Music isn’t always top of the net zero hit list, but it has a range of big CO2 impacts across travel, energy and logistics. Can live performance and environment ever truly harmonise?
Just before Christmas, The Guardian reported the wider music industry has united to pledge net zero emissions by 2050.
Major labels Sony, Universal and Warner have joined independents signing up to climate schemes that aim to guide a cleaner future.
As ever with net zero, some deep digging is required to judge how genuine their aspirations are – or as importantly how likely hitting their targets may be.
The promises in more detail
The labels will sign up to one of two existing schemes familiar to readers of these pages: Science Based Targets (SBTs) or the SME Climate Commitment, the latter part of the UN’s Race to Zero initiative.
Both schemes will require signatories to reduce greenhouse gas emissions to net zero by 2050 with a 50% reduction by 2030.
The companies also pledge to collaborate on measuring carbon emissions in the music industry, help artists speak out on climate issues and communicate with fans on how the music industry impacts on the environment.
They will ‘aim to’ work with streaming companies like Spotify, “To obtain data and drive emission reduction projects in a collaborative fashion.”
Paul Redding, chief executive of Beggars Group (which includes 4AD, XL, Rough Trade and others), said the signatories will be, “Pulling in the same direction on sustainability topics to carry out the same work, in the same way, at the same time.”
Touring, touring, touring…
The impacts of global touring, vinyl manufacturing and the energy used to power streaming are among elements that require attention.
This sounds complex. Where might life cycle analysis or net zero metrics on touring begin and end for example? From the moment the tour bus leaves the yard? What about the energy used in the train travelling through the Channel Tunnel?
How about the fuel for all this, or if electrically powered tour buses were available, are they based on tariffs that confirm their energy is from renewable sources?
Vinyl manufacturing uses plastic and is therefore fossil based. How can we judge whether labels should give up vinyl and instruct fans to stream music, against unknown metrics on the energy used within massive global data centres to power the infinite number of streams we all achieve daily on our smartphones?
SBTs are there to help and there are established approaches available nowadays to tackle these vexing challenges.
But even our light touch review reveals the music industry has complex challenges that could be prone to a touch of greenwash, as are all attempts to embed net zero.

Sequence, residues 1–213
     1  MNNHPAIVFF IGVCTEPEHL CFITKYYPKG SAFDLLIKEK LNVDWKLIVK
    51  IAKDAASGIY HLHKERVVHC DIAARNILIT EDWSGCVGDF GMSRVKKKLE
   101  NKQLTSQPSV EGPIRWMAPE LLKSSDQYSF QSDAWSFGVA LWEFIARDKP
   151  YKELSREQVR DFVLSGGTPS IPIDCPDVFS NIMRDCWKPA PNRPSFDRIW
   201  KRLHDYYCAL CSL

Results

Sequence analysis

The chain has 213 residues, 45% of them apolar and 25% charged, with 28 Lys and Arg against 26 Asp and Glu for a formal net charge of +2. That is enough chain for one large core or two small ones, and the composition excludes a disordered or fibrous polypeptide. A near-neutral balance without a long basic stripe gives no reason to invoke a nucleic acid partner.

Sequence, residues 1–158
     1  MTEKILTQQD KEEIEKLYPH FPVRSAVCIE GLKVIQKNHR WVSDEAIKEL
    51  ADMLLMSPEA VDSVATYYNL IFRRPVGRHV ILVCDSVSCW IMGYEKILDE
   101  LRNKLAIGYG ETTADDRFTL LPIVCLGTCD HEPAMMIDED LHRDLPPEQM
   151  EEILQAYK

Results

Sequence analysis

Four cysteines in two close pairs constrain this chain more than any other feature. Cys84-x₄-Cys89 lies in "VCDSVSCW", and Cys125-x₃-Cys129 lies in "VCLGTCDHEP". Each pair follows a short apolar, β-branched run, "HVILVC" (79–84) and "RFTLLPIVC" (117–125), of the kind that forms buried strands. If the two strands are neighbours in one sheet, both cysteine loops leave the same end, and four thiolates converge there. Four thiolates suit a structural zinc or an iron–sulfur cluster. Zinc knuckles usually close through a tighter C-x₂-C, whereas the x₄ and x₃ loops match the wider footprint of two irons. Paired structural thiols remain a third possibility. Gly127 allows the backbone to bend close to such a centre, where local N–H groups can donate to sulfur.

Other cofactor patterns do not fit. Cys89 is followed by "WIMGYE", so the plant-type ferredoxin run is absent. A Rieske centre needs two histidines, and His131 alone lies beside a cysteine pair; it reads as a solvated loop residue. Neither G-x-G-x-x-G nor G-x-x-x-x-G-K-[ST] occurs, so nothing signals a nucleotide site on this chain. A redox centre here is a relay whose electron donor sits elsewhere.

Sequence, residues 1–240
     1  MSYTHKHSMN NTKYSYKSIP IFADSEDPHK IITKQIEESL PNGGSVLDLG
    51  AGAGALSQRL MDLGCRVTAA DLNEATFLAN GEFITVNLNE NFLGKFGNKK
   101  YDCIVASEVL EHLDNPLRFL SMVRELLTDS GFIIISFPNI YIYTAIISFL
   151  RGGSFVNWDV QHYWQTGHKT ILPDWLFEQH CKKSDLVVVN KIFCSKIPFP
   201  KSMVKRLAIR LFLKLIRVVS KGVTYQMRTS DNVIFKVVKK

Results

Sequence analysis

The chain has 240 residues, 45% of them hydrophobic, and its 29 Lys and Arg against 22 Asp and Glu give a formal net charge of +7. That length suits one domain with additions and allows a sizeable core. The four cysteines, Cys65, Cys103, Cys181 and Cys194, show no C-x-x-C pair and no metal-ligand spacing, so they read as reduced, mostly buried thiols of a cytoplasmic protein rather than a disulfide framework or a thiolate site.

The Music Climate Pact
Further detail on the plans is available here. It is useful detail; for example commitments must cover Scope 1, 2 and 3 emissions.
There are deadlines: by February 2022, signatories must have either signed the SBTs standard commitment letter or joined the Race to Zero programme. The larger labels that must already report on carbon are further down the path.
Universal Music Group (UMG) Executive Vice President, Chief Financial Officer and President of Operations Boyd Muir said: “UMG is proud to join the Music Climate Pact.
“We have established a dedicated Environmental, Social & Governance (ESG) department that is overseeing this vital priority, including our purchases of renewable energy, offsets of greenhouse gas emissions, reduced supply chain footprint and dedication to the highest building standards (such BREEAM and LEED).”
Warner too mentions ESG. Warner Music Group Acting Chief Financial Officer, Lou Dickler said: “We appointed a dedicated ESG leader earlier this year and committed to releasing Warner’s first annual ESG report next year, which will help us hold ourselves accountable and transparently communicate progress to our stakeholders.
“Starting with an inventory of our carbon footprint, we’re developing an ESG platform and roadmap that will move Warner Music into a more environmentally sustainable future. We look forward to collaborating within our community, throughout the industry, and across sectors to deliver necessary change.”
Hope comes from the leaders. These must guide with purpose and transparency, sharing their experiences to help the smaller labels, less versed in carbon reporting and with necessarily less available resource to up their game too.
The final verdict
Julie’s Bicycle is a UK-based music sustainability charity. Its work with Oxford University estimates main GHG music emissions are from fossil-based energy and materials for the heating, lighting and powering of
buildings (offices and music venues); for the manufacture of CDs/vinyl; for trucking music products and touring equipment; for international air travel of artists and staff; and for audience travel to live performances.
The business case for action is rooted in the inevitability of costs which will attach to GHG emissions as carbon regulation, taxes and trading progressively penalise carbon emissions. Simple steps like LED lighting in venues and green energy tariffs are easy wins.
How fast can the Pact get these measures in place? Time will tell.